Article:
When Roton and Rocketplane were trying to get going, NASA was not interested in their product. Kistler had a NASA deal but for a variety of reasons couldn’t get the financing to build its spacecraft, as you need to have the financing first to pay for construction before NASA gives you any cash for achieving success.

  • Vladislaw

    Jeff Foust tweeted that Stratolauncher and Sierra Nevada are going to be making an announcement tomorrow about dreamchaser.

  • Kelly Starks

    >..The difference now is that there is a serious customer, NASA, willing to buy the privately-built product
    > from a range of private companies, SpaceX, Boeing, Sierra Nevada, Orbital Sciences, rather then insist
    > on those companies building its product.

    Given the winner were all capsules like Orion, largely developed with NASA money, that arguable. More to my point, how does this relate to the article..
    “..SNC’s Global Project offers clients across the globe access to low Earth orbit (LEO) ..” is just them pitching their ship – which they don’t have the funds to do yet – to a conference. NASAS has rejected their product (not sure how “interested in” they rae in COTS and commercial crew in general for that mater)

    >..as you need to have the financing first to pay for construction before NASA gives you any cash for achieving success.

    Not how it went for SpaceX.

  • Kelly Starks

    Announced on the 30th. A subscale dream chaser will be integrated in with the statolauncher system for cargo and crew delivery.

  • Pzatchok

    “Not how it went for SpaceX.”

    And especially not how it went for Boeing. They plan on making all their profit on “new” research and development. No need to even build the craft and fly it.

  • Kelly Starks

    Specifically SpaceX was paid before they developed or built their craft. Not correct according to the COtS rules.

    In the case of CCdev Boeings much farther along in the engineering (and according to rumors around here in Orbitec, rated higher in all criteria) then SNC or SpaceX. No ones going much farther without some checks from NASA, which are all now frozen.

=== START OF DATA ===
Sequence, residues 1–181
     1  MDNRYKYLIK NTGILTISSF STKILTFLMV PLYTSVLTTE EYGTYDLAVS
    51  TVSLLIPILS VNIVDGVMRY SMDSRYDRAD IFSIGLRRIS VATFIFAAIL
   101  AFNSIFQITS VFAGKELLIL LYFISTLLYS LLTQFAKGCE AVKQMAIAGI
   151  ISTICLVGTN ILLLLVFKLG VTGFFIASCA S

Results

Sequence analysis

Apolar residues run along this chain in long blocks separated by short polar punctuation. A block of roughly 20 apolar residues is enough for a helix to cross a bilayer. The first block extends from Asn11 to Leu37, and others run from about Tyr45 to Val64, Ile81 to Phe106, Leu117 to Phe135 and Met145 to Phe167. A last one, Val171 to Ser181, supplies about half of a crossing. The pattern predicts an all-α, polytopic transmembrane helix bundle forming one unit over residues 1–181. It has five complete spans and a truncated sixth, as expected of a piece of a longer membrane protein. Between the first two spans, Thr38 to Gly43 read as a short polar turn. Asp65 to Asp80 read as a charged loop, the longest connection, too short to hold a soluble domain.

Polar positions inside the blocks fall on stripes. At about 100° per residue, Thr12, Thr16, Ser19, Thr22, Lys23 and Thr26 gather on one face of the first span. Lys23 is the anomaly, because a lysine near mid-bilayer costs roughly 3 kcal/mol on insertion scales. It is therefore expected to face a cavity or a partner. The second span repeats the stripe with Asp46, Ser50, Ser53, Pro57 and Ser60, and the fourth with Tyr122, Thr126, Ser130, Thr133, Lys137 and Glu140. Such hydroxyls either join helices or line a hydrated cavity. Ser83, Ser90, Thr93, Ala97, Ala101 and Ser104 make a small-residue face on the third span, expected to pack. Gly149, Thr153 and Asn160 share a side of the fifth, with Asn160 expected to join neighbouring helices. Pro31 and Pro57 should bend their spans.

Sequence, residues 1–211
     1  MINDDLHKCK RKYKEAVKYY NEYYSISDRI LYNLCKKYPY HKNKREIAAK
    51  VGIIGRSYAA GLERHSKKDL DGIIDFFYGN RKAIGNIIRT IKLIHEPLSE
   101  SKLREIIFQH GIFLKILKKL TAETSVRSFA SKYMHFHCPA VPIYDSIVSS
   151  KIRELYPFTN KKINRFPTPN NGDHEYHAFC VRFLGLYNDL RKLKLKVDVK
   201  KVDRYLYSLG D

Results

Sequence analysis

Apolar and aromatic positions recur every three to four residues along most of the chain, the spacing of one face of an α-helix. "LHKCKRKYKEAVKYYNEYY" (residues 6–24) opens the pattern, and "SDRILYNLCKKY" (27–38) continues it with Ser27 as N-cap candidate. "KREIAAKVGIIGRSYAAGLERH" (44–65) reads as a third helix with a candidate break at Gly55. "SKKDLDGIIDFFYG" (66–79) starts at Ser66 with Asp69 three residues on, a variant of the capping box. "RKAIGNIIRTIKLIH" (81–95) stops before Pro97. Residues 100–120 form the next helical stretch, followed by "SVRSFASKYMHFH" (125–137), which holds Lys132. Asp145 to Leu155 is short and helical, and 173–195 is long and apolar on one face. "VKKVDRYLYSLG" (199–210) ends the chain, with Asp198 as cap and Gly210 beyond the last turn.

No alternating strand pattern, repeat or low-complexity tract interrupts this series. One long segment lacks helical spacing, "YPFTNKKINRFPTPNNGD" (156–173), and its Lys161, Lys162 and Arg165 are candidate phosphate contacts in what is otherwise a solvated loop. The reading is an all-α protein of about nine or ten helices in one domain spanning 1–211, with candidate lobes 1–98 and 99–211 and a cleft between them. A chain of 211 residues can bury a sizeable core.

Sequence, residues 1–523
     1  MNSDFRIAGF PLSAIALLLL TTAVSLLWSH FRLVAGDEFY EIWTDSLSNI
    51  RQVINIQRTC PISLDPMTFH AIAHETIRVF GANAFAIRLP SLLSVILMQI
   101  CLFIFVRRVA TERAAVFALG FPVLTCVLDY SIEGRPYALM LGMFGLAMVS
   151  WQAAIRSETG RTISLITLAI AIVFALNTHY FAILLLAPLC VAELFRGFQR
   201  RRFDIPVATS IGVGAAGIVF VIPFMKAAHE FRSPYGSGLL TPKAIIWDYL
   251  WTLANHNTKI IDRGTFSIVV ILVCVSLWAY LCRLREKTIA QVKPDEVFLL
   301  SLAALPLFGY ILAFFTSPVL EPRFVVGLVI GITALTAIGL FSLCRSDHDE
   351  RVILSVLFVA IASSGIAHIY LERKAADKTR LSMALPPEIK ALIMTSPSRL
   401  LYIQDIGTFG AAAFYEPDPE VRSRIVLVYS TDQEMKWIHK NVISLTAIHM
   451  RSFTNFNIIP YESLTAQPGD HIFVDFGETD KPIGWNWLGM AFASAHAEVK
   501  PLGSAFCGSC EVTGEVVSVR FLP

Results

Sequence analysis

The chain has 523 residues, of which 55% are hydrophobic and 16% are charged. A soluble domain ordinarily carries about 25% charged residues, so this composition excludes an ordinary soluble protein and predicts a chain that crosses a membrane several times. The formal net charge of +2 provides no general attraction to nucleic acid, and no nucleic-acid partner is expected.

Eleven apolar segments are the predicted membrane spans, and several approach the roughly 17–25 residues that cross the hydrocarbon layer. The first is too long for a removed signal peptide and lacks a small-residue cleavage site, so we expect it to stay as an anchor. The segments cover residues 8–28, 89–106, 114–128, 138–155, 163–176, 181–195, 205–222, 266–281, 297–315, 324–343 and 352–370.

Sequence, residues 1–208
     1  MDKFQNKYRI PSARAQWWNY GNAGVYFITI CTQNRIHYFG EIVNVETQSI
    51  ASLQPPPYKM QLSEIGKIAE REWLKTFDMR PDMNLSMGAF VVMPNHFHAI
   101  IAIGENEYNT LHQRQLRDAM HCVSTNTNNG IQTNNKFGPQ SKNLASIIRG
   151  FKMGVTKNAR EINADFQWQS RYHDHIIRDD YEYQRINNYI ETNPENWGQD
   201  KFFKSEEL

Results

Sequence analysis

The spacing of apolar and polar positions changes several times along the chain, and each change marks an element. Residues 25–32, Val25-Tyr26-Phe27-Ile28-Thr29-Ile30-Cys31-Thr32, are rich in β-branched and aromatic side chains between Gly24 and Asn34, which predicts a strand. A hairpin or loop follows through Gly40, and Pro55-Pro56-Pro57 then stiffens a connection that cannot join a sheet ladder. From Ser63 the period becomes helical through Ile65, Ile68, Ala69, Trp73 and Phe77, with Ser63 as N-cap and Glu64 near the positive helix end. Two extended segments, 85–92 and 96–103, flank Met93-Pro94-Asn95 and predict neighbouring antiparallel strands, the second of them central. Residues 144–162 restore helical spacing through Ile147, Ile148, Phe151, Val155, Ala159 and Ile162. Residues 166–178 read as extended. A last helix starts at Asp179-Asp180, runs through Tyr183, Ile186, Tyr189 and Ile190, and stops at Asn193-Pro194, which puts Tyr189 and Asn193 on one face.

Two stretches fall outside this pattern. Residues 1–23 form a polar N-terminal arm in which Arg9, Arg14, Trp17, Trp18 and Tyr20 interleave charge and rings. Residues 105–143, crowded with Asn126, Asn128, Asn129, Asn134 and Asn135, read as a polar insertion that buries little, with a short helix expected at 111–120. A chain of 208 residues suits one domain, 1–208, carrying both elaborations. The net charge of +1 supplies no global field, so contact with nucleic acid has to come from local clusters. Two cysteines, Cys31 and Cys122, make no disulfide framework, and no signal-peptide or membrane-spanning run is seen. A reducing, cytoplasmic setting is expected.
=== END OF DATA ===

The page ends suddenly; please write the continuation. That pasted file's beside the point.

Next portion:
• Kelly Starks

    I think Lockheed is working on a cargo craft for the next CRS bid as well.

  • Kelly Starks

    Speaking of:
    http://online.wsj.com/articles/why-boeing-beat-spacex-in-nasas-space-taxi-contest-1412207046

    >…But the 29-page document, signed by NASA’s associate administrator William Gerstenmaier the day before the awards were announced, depicts more of a one-sided contest. Boeing ranked above SpaceX in every major category, from technical maturity to management competence to likelihood of sticking to a timetable.
    Boeing’s submission was considered “excellent” for “mission suitability,” whereas SpaceX got a “very good” ranking. The numerical scores for that category, according to one person familiar with the details, were separated by more than 60 points out of a possible 1,000. The document shows Boeing also garnered the highest ranking of “excellent” for technical approach and program management, compared with “very good” rankings for SpaceX.
    Based on Boeing’s performance on a preliminary contract, NASA concluded it had “very high confidence” in that company’s likelihood of delivering what it promised—the highest ranking possible.
    …<

  • Pzatchok

    And then Boeing announced its rag problem and how it would cost more in cash and time.

    Past performance is not an absolute indicator of present performance. Present performance is.